Since 1987, Wake Forest University’s Secrest Artists Series has been bringing world-class performances to the Reynolda campus.
For the first time in the Secrest series’ history, students will take the stage with professionals to sing one of the most famous and challenging choral-orchestral works in the classical repertoire.
“This is an unusual and outstanding opportunity for our students,” says Lillian Shelton, director of the Secrest Artists Series. “The conductor, Philippe Entremont, is an international superstar in the classical world. It will be a rare experience for both the students performing and the audience. “
Senior Erin Devine, one of the students singing in the performance, is a business and enterprise major and music minor from Pittsburgh, Pa. She worked as an intern for the Secrest Artist Series last year and was involved in the performance selection process for the 2011-12 season.
“The Series advisory panel knew we wanted a big orchestra event that students, faculty, staff and members of the community would want to attend. But of the hundreds of options, who would be best? I helped review all the materials that agents sent and was part of the conversations about which program would most likely draw the interest we wanted,” says Devine. “To see that work culminate in the Munich Symphony Orchestra coming to campus is even more exciting, because I’ll be singing in the program with other Wake Forest students.”
As a public relations and marketing intern with the Eastern Music Festival in Greensboro, N.C., this summer, Devine worked to engage people in the arts and boost attendance at concerts and performances. Now she says she is on the other side of the program — performing in an event of the caliber she was once working to promote.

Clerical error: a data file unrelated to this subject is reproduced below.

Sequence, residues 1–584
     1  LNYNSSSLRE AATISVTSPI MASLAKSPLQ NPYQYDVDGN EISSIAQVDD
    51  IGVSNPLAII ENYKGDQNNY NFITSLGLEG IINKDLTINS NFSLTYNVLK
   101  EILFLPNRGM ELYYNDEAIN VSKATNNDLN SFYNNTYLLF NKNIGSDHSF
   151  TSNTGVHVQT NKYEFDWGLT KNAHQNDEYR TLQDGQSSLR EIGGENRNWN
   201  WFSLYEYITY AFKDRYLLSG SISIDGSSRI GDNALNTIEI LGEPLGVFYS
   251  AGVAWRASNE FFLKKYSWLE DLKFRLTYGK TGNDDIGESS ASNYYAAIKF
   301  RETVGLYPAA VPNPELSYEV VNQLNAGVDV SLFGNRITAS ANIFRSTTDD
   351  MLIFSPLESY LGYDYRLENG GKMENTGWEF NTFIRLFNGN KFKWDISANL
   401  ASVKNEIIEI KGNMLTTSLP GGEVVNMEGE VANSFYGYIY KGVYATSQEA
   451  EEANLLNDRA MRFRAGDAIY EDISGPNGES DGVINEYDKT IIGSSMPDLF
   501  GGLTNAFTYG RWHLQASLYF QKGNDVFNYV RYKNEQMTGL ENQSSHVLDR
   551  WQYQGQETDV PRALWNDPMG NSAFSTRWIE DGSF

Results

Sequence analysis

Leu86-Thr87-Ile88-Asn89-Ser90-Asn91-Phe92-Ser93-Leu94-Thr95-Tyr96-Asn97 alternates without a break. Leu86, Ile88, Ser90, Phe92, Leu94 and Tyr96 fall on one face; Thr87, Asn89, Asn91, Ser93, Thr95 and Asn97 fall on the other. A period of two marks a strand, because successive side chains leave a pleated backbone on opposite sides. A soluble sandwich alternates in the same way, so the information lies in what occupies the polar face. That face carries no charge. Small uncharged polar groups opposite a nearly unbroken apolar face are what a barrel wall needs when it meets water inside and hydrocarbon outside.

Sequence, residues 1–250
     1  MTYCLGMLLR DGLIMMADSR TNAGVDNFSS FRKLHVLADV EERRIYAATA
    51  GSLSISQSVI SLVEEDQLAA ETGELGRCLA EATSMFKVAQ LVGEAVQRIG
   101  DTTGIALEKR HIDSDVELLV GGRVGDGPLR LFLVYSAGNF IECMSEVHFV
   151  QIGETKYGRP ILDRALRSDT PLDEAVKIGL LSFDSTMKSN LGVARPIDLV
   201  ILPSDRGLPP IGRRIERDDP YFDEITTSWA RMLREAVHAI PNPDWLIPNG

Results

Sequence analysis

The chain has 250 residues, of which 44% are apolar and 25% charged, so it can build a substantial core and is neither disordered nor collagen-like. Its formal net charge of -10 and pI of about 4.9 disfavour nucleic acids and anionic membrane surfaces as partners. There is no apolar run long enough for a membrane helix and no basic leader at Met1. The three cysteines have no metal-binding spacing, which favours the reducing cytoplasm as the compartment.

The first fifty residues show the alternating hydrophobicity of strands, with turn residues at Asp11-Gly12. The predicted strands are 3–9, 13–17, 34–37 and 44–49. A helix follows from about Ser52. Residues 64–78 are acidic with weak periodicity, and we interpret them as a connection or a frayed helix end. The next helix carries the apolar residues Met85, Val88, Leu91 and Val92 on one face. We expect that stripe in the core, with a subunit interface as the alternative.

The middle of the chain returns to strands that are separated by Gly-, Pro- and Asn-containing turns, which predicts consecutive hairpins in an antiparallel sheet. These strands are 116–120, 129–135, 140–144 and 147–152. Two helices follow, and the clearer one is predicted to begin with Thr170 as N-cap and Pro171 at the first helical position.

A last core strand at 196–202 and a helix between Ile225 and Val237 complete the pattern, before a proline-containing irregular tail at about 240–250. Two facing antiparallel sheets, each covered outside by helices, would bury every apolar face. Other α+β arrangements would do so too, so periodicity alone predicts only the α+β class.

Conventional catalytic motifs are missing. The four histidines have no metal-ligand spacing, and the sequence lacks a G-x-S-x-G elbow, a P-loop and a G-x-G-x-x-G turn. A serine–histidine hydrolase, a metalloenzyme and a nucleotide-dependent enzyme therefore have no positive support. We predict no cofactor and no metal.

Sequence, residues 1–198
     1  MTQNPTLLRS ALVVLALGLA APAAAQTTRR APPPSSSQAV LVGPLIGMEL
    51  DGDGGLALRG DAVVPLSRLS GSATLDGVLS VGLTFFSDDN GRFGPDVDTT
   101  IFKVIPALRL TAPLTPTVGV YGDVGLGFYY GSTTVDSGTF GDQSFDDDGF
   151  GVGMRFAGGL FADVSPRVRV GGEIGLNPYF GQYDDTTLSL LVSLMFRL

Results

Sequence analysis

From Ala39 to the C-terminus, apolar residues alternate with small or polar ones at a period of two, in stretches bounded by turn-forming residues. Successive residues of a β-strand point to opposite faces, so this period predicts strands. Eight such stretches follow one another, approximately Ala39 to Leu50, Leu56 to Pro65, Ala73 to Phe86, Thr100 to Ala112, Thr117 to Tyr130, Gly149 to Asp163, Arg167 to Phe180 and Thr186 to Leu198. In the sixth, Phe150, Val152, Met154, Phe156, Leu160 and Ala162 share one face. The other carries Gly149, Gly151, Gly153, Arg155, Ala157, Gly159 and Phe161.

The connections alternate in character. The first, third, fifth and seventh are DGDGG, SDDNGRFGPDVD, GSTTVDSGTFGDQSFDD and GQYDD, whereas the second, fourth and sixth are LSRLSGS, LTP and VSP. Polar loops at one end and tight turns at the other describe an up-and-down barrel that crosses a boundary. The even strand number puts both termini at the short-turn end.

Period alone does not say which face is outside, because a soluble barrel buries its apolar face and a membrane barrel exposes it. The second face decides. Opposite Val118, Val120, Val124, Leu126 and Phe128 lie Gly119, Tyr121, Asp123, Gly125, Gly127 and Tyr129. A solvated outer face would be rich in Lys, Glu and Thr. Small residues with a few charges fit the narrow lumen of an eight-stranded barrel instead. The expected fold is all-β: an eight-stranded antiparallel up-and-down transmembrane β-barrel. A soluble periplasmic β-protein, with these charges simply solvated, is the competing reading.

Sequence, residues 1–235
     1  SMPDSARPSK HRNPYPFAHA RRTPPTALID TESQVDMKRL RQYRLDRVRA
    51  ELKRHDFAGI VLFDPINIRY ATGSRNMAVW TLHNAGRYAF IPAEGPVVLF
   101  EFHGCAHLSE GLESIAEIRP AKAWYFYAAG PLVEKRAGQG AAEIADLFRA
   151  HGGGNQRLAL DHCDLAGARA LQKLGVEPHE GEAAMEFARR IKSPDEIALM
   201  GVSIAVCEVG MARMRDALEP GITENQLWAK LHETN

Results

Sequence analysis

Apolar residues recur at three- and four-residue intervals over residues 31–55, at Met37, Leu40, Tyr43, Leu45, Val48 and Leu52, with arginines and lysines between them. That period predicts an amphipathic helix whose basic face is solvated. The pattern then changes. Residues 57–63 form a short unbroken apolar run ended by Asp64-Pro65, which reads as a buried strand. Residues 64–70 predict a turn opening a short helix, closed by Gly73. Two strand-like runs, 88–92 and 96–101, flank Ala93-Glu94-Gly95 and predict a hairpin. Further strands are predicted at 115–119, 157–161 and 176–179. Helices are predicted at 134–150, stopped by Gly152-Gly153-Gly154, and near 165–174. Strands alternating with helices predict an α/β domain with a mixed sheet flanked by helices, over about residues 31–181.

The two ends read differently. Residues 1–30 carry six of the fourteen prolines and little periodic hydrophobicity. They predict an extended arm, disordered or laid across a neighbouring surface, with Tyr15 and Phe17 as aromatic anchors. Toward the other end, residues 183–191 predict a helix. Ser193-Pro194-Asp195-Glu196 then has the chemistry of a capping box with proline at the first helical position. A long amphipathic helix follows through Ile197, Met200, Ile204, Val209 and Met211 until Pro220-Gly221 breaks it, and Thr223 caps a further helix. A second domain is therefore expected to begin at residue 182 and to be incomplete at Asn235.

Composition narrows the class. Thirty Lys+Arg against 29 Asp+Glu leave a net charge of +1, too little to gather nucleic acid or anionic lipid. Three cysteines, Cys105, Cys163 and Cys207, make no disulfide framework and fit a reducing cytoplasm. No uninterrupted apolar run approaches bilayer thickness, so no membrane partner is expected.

She and fellow student performers have been practicing since September with Wake Forest Associate Professor of Music Brian Gorelick. The group will practice before the performance with Entremont conducting.
“Mozart’s ‘Requiem’ is one of the five great choral-orchestral works in Western music history, and it is performed hundreds of times around the world every year. Each performance is unique because of the leadership of the conductor,” says Gorelick. “Philippe Entremont will bring to Thursday’s performance his specialized and thorough musical training and expertise, and his artistic vision of the power of Mozart’s musical ideas. He knows how the work has been performed over the last several decades as well as its origins in Vienna of the 1790s and will use all this to inform the performance, creating a profound musical experience for the listeners.”
“Being able to perform with the Gloriae dei Cantores under Phillipe Entremont’s direction will completely turn around our experience of music at Wake Forest,” says Devine. “It will certainly be something I’ll always remember.”
The Secrest Artists Series is endowed by Marion Secrest, a local performing arts patron, in honor of her deceased husband, Willis Secrest.